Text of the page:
Many Sundays we’ve driven by this church, noting a three-quarters-full lot for their first service and a packed one for their second. While church size doesn’t impress me and growth may be misleading, both can signal spiritual vitality.
I’m intrigued. Today, I’ll be visiting church by myself.
Consider these seven discussion questions about Church #61.
1. Candy is gone, so I’m on my own. I’m okay visiting a church by myself, but staying home is so tempting.
How can we form a habit of regular church attendance? How can we stick with it?
2. The parking lot has plenty of space. I’m underwhelmed.
What message does our parking lot send? How can we make parking be a positive and inviting introduction to our facility?
3. Being alone, I feel more exposed than usual. I pause, hoping someone will greet me. No one does. And no one’s available for me to approach. Visiting a church solo takes extra courage.
How can we welcome a person squirming in silence?
4. Several minutes after it’s time to start, the worship team begins playing. Their opening strains call people into the sanctuary. These late arrivals distract me from worship.
How can we make sure we don’t impede others from experiencing God?
5. Next is the greeting. Epic fail. I’m weary of these trivial attempts at connection: people faking friendly when ordered and then withdrawing.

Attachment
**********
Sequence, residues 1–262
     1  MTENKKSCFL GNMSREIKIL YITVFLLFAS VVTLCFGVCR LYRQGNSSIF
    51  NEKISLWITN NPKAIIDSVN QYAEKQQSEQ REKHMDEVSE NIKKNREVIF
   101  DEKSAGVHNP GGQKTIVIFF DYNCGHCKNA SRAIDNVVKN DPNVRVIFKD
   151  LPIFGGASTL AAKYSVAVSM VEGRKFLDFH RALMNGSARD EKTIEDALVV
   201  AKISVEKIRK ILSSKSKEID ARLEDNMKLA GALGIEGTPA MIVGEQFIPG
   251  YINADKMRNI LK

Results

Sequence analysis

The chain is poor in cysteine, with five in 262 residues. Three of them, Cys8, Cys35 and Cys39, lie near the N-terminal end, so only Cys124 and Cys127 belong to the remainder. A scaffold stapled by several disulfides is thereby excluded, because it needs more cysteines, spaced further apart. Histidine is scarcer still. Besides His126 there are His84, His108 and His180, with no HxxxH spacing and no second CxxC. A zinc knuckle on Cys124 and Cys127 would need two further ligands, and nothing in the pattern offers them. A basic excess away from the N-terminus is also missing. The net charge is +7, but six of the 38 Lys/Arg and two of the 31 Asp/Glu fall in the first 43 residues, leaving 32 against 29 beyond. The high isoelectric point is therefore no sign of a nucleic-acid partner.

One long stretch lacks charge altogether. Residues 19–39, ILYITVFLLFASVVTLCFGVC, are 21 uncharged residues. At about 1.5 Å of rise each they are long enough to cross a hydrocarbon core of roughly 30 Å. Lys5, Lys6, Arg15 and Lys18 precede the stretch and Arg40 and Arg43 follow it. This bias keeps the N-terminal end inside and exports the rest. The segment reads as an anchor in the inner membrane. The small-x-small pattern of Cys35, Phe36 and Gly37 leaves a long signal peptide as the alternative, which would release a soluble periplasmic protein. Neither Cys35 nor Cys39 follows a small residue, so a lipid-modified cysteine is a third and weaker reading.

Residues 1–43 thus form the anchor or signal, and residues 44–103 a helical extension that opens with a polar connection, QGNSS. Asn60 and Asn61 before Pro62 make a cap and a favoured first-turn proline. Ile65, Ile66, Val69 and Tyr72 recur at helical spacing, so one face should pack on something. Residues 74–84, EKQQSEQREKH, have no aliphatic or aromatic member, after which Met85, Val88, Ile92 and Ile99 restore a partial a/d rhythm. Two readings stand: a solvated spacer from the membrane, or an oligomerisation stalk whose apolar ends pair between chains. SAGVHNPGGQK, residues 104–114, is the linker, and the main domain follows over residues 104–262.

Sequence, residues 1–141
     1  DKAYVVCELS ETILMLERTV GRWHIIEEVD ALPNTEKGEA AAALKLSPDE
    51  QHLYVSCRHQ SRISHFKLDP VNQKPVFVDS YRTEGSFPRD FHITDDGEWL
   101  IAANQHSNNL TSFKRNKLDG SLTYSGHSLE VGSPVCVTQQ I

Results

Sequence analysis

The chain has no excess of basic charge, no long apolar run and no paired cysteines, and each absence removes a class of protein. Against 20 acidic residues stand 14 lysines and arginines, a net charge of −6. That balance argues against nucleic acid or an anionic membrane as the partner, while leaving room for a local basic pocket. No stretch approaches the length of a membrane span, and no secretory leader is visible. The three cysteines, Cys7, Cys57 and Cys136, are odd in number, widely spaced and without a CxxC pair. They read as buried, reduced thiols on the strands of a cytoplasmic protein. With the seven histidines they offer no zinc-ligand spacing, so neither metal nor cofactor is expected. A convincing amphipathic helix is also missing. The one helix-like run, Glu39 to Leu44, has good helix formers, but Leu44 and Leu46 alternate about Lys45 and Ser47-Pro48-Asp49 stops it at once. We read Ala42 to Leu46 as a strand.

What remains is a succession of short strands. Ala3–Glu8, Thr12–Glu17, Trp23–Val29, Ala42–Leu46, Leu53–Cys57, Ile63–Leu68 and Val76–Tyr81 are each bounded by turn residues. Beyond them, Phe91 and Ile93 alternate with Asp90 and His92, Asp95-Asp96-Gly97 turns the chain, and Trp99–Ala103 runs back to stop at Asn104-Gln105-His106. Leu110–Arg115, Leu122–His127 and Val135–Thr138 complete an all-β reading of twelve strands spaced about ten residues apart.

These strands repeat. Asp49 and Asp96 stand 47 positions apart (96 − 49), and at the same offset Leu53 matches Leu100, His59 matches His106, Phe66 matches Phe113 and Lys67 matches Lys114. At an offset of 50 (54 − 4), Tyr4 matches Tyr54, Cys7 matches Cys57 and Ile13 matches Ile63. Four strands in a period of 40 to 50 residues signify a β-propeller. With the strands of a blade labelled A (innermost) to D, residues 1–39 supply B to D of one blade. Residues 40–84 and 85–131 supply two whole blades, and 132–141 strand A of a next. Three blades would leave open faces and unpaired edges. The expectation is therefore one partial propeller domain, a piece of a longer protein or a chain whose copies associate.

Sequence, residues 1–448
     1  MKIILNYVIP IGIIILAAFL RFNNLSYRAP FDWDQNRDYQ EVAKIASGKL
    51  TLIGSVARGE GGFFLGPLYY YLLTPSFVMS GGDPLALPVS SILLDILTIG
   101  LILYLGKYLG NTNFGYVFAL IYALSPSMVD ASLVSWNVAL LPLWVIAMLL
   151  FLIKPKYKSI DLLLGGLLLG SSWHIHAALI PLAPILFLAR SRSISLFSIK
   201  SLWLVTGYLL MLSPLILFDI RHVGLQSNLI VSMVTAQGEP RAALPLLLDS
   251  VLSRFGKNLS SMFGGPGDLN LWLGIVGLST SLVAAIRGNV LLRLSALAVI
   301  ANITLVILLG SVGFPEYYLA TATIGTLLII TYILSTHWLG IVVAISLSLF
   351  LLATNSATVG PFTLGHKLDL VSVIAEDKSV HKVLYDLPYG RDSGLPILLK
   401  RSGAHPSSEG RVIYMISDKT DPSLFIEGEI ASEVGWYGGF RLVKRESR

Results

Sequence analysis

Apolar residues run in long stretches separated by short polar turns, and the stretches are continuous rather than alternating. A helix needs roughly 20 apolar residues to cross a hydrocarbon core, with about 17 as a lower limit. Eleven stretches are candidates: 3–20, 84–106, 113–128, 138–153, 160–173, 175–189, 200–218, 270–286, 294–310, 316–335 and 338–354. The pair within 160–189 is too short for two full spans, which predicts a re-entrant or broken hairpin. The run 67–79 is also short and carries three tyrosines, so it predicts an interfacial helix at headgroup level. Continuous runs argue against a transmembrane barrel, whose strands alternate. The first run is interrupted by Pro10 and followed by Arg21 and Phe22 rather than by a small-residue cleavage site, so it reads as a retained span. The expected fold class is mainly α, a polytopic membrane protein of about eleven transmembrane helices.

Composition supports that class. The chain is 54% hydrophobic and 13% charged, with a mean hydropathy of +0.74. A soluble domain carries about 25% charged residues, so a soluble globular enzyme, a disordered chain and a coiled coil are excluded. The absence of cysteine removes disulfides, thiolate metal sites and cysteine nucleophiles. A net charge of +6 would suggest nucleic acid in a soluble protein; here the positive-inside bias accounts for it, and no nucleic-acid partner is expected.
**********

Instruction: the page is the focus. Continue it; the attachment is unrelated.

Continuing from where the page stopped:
How can we be open and friendly all the time and not just when instructed?
6. The senior pastor is gone, with a second-year seminarian filling in. The guy is green. He should practice in seminary, not on a congregation.
When a message falls short—which will inevitably happen—how should we respond?
7. I leave frustrated. I enjoyed the music, but the message caused consternation, and the lack of connection left me empty. Was it my fault or theirs?
How can we help others leave church feeling better than when they arrived?
[Read about Church #61, Church #62, or start at the beginning of our journey.]
If you feel it’s time to move from the sidelines and get into the game, The More Than 52 Churches Workbook provides the plan to get you there.
Peter DeHaan writes about biblical Christianity to confront status quo religion and live a life that matters. He seeks a fresh approach to following Jesus through the lens of Scripture, without the baggage of made-up traditions and meaningless practices.
Read more in his books, blog, and weekly email updates.